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Souguir S.,Regional Research Center in Horticulture and Organic Agriculture | Chaieb I.,Regional Research Center in Horticulture and Organic Agriculture | Cheikh Z.B.,Regional Research Center in Horticulture and Organic Agriculture | Laarif A.,Regional Research Center in Horticulture and Organic Agriculture
Journal of Plant Protection Research | Year: 2013

Medicinal plant species were tested for their fumigant activity against Spodoptera littoralis third instar larvae. Responses varied according to plant species and parts used. For the present investigation, volatile oils were obtained from: Foeniculum vulgare (flowers and seeds), Coriandrum sativum (seeds), Daucus carota (flowers), Pelargonium graveolens (leaves and flowers), Origanum majorana (leaves and flowers), and Salvia officinalis (leaves). Fumigant activity was observed after 24 hours of exposure. All essential oils were proved to be toxic to the third instar larvae. However, the highest mortality was observed in the essential oil of S. officinalis leaves, C. sativum seeds, F. vulgare seeds, D. carota flowers, and O. majorana leaves with LC50 = 23.050 μl/l air, 68.925 μl/l air, 95.075 μl/l air, 99.300 μl/l air, and 100.925 μl/l air, respectively. Other oils showed an LC50 between 101 and 183 μl/l air.


Hattab S.,Regional Research Center in Horticulture and Organic Agriculture | Hattab S.,Laboratory of Biochemistry and Environmental Toxicology | Boughattas I.,Regional Research Center in Horticulture and Organic Agriculture | Boussetta H.,Regional Research Center in Horticulture and Organic Agriculture | And 4 more authors.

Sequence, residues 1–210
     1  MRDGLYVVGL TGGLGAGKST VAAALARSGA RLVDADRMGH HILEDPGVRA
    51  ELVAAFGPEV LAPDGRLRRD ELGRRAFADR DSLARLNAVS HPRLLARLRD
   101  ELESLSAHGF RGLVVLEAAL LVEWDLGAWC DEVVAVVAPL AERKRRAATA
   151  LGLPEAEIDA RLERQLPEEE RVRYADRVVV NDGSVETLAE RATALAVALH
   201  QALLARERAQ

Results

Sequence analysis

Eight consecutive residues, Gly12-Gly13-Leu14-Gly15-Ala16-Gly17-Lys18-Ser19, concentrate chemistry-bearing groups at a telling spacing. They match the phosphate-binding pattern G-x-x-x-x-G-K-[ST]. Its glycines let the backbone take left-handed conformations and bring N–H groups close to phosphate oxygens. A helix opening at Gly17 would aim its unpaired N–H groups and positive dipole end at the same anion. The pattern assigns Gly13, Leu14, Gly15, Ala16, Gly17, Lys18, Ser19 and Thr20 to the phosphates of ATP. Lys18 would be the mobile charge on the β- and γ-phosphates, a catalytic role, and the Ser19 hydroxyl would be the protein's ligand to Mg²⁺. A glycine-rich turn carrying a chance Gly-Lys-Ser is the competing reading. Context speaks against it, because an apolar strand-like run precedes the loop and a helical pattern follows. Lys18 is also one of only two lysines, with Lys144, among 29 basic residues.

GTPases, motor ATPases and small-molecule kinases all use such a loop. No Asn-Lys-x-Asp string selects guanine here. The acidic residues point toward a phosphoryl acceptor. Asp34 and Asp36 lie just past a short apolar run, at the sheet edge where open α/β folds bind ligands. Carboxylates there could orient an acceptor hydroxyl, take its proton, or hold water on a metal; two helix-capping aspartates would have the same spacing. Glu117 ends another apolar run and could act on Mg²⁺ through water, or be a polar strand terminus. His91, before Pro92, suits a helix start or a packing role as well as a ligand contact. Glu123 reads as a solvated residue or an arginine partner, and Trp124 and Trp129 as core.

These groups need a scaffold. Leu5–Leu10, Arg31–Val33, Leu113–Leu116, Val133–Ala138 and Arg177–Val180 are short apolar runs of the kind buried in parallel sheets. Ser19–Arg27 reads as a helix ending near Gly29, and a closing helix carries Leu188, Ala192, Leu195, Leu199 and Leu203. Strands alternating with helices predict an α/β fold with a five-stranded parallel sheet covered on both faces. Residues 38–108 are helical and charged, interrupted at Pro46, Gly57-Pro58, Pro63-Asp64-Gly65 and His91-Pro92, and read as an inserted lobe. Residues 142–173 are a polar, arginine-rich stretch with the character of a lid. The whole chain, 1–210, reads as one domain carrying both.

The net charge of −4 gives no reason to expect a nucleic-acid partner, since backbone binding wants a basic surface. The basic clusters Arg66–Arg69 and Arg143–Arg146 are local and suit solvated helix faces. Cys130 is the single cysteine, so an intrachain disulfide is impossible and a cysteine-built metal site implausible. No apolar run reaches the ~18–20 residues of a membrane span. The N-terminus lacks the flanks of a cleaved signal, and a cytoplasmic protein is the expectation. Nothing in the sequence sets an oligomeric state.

Ecotoxicology and Environmental Safety | Year: 2015

This study investigated the stress response of earthworms (Eisenia andrei) to exposure to a commonly used herbicide, 2,4 dichloro-phenoxy-acetic acid (2,4-D). We evaluated both stress biomarkers and the transcriptional expression levels and activity of three enzymes involved in oxidative stress responses. Earthworms were exposed to three sublethal concentration of 2,4-D (3.5, 7, and 14mgkg-1) for 7 and 14 days. Exposure to 7 and 14mgkg-1 2,4-D significantly reduced both worm body weight and lysosomal membrane stability (LMS); the latter is a sensitive stress biomarker in coelomocytes. Exposure to 2,4-D caused a pronounced increase in the accumulation of malonedialdehyde (MDA), a marker of oxidative stress, and significantly increased the activity of the antioxidant enzymes catalase (CAT), superoxide dismutase (SOD),and glutathione-S-transferase (GST). Compared to expression in controls, the expression levels of the sod, cat, and gst genes increased in worms exposed to all three 2,4-D doses for 7 days. However, after 14 days of exposure, only the expression of the gst gene remained higher than controls. These data provide new insights into the cytotoxicity of 2,4-D in the earthworm E. andrei and should be carefully considered in view of the biological effects of herbicides in soils organisms. © 2015 Elsevier Inc..

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